(07:04):

But you know, you can’t really prevent that from happening. If they can have some traits, you can just give them a small portion of all the traits and then bag the rest to send home. So yeah, you don’t have to feel like you have to have 10 different kinds of candy that the kids are all getting during your party and they’re going to eat it all. You know, like in 10 minutes you don’t have to do it that way. Okay. So my next area of talking is going to be unhealthy day parties. This is if your school doesn’t allow traditional parties in any way, like for Halloween, Christmas, winter, or whatever, you might plan alternative activities for whatever season you’re in. For example, my school district, where I taught for 20 years, they had winter break, Christmas break. However, we could still have activities for Christmas and other December holidays during the last time, but always check with your administration to know what your local school policies include, because if you’re a new teacher and most of the teachers have been at your school before that things will come up during the year that they don’t talk about in the staff meeting, they just assume everybody knows, like when it comes time for things for carnival who does what station who’s always in charge of what, what grade level does this, that and the other.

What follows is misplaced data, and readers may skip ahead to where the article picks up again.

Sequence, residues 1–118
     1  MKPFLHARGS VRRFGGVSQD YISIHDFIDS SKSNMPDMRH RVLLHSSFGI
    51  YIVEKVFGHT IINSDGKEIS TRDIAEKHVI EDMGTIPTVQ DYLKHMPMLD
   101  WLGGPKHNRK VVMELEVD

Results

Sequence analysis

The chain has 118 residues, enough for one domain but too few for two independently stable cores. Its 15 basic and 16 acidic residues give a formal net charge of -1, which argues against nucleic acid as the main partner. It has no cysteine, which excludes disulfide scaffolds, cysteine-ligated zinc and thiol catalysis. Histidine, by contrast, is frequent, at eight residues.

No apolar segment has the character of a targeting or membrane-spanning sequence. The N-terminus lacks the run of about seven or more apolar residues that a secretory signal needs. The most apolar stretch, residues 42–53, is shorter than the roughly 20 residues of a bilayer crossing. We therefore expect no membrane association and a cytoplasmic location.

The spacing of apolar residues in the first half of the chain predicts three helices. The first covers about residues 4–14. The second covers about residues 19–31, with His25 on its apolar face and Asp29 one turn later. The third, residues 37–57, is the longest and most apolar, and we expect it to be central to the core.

(08:15):

So you need to learn to ask questions about things because they might not remember to go through and explain, and this might be an area where that might happen. You don’t want to end up getting in trouble or reprimanded for having something at a party that you had no idea you couldn’t. So here are a few ideas thought of in case you’re in a situation where you can’t have the holiday stuff, you probably will have other ideas as well, especially if you’ve had to live through it. I have not actually had to live through that. So hopefully these will just help you think of even better ideas. Also, if you’ve had to do on holiday parties, please, you lied to me and let me know what you’ve done, because I can more information either on my Instagram or in the Facebook group for help for special educators podcast.

(09:02):